Monetizing Remixes

by Jeff Ponchick in Distribution February 07, 2017

If you’re a producer or a DJ you probably have a whole catalogue of remixes that you’ve been working on, and sitting on, for quite some time. Wouldn’t you love to share those remixes with the world? Or better yet, maybe even make a little money off of them? The remix culture is probably one of the best ways to really make a name for yourself as a new artist in the electronic scene, but if you do plan on redistributing these remixes, either for sale, streams or monetization on SoundCloud or YouTube, it is important to understand that you will first need to obtain a license from the original copyright holder before this is possible. Otherwise you run the risk of copyright infringement which could result in you facing very serious legal action from the “master recording owner” of the song that you’ve remixed.

A license is basically a formal, or informal, written contract between you and a copyright holder which grants you the permission to monetize their work in whatever manner they’ve outlined. These licenses can grant you rights in some areas, but also may prohibit from the right to monetize in others. It is important to be very clear about the conditions of your license beforehand so you do not find yourself in a legal battle over the revenue you’ve earned.

Unfortunately there is only ONE way to get a license on a remix track, and it’s not always easy. When remixing someone else’s music you are taking portions of the actual audio recording from the original track and using it in a new creative song recording. This falls under the jurisdiction of either the label or the artists themselves (usually independent), which either way is referred to as the master recording owner. If you are attempting to license a song from another independent artist, who is not represented by a label, the best way you can go about obtaining a license is to contact that artist directly, and basically just ask them for permission. This can be through an email, a phone call, or whatever else you’d like, but eventually you will need to have some kind of signed document between the two of you that outlines what the license is for, where and when it will apply and how much you will be paying them for the right to use use that portion of the song. Usually, the more of the original audio you use, the more it will essentially cost you.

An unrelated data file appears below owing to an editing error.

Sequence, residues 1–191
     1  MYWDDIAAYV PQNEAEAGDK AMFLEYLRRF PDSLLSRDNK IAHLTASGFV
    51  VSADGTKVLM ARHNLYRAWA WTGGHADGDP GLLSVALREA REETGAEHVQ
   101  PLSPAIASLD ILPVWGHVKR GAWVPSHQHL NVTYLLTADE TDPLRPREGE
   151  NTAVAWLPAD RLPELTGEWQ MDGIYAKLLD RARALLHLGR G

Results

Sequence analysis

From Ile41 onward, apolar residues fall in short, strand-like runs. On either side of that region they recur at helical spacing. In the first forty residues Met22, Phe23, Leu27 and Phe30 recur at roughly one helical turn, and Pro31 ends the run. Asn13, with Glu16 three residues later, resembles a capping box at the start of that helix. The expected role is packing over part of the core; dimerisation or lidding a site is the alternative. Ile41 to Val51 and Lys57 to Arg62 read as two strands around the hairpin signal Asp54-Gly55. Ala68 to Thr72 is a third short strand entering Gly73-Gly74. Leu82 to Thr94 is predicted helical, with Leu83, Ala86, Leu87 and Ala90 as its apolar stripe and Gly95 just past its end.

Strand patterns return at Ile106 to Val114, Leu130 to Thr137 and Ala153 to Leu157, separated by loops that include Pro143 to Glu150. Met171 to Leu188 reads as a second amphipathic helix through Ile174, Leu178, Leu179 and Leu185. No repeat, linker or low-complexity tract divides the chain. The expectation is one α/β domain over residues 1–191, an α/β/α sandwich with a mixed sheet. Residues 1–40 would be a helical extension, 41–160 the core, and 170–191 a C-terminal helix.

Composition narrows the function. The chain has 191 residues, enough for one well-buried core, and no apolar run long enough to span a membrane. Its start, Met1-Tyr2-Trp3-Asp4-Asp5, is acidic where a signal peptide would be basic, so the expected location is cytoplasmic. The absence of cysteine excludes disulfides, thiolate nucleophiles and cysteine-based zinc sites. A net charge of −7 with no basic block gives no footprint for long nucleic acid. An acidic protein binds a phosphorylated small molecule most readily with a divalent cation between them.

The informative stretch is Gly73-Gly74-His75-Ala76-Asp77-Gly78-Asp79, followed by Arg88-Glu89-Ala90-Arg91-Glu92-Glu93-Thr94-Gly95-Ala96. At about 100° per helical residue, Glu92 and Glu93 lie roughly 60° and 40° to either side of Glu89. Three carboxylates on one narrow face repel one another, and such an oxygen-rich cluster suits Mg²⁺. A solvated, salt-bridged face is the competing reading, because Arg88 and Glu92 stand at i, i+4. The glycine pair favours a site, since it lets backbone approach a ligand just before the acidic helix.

Here is a Remix Agreement Template you can draw from:

On the other hand, if the audio recording you are trying to license is being held by a label, and not by an independent artist, your job is going to get a lot more difficult, and most likely a lot more expensive as well. In many cases, unless you have a direct connection with the label that owns the original, it can be nearly impossible to get an audio remix cleared.

A license to remix and monetize someone else’s work can get pretty expensive if the song is a hit, but be sure to understand the difference between remixing and covering a song because the latter can cost you a lot less money and a whole lot less of a headache too if you are an independent artist.